The Seven Deadly Sins Preventing Meaningful Work

Prof Katie Bailey

People are more likely to view work as meaningful when it mattered to others more than just to themselves.  In our article, “What Makes Work Meaningful?”, we highlighted some research findings on the qualities of meaningful work.

 

Professor Katie Bailey, from the University of Sussex, and her research team interviewed 135 people working in 10 very different occupations (retail assistants, solicitors, nurses, soldiers, stonemasons, street sweepers, entrepreneurs, priests, artists, writers and academics) and explored what makes work meaningful for them and also, what led to a feeling of meaningless.

 

The researchers found that that there were five key qualities of meaningful work and that times when people found their work meaningful were often intensely personal. Meaningfulness is bound up with feeling a sense of accomplishment and doing a good job.

 

For organisation designers, leaders and managers, it is interesting to investigate the question: What are the factors that serve to destroy the meaningfulness that individuals find in their work?

 

We have all worked in work environments that were dysfunctional in some way, I certainly have.  Tolstoy observed that happy families are alike, but unhappy families are unhappy in their own special way.  It’s similar with organisations.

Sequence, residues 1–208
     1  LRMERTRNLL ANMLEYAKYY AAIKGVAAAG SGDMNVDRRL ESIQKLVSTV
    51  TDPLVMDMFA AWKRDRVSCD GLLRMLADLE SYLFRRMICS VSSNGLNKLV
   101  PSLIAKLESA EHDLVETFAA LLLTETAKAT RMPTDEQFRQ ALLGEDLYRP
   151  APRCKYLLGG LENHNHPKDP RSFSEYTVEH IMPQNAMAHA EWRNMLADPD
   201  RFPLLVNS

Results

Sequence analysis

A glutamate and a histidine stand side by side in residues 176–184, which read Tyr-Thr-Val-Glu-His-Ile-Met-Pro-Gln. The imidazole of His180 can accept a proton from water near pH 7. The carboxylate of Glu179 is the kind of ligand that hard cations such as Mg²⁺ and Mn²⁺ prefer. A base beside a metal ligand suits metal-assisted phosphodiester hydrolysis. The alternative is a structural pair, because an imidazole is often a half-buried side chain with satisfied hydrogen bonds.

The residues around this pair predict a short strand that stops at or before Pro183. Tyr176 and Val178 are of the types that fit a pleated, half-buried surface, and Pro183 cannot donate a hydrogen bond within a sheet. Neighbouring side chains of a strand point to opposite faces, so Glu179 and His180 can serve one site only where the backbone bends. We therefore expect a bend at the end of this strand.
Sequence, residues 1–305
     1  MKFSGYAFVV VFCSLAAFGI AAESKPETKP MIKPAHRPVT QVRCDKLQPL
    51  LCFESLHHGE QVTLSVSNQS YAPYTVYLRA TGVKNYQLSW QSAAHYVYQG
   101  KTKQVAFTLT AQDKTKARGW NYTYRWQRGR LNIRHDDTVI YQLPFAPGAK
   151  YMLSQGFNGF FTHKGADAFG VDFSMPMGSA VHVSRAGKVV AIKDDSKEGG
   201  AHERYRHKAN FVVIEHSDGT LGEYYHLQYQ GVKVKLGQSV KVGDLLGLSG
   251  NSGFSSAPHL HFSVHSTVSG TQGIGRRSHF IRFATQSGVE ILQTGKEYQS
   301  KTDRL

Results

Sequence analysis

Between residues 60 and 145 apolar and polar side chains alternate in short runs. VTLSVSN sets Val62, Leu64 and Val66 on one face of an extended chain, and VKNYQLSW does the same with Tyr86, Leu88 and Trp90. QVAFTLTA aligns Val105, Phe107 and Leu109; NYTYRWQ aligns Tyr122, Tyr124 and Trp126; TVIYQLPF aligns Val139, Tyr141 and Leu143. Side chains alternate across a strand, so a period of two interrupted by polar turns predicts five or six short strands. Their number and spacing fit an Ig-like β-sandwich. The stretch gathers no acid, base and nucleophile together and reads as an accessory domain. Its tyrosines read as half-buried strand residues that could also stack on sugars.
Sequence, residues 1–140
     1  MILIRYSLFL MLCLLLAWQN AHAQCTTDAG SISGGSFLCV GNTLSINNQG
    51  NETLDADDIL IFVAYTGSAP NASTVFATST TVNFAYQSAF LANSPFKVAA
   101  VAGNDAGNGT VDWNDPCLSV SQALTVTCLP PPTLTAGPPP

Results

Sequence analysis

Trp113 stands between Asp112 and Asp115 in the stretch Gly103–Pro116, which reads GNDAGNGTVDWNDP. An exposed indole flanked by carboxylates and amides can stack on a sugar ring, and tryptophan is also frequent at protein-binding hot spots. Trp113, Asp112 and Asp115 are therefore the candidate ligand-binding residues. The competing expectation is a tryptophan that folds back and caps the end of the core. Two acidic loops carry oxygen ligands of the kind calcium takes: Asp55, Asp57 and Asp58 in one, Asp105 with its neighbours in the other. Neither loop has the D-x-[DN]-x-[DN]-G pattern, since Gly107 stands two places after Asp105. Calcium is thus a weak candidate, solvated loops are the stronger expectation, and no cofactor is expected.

Working out why an organisation is not a positive environment is a complex task, but employees working in jobs they don’t find meaningful is likely to be a contributing factor.

 

Here are some of the factors that destroy meaningful work, some of which might resonate with you too?  (Listed in order from most to least grievous).

 

The Seven Deadly Sins of Meaningful Work

 

1 Disconnect people from values

Those interviewed often talked about a disconnect between their own values and those of their employer or work group as the major cause of a sense of futility and meaninglessness. This issue was raised most frequently as a source of meaninglessness in work. A recurring theme was the tension between an organisational focus on the bottom line and the individual’s focus on the quality or professionalism of work. One stonemason commented that he found the organisation’s focus on cost “deeply depressing.

 

2 Take people for granted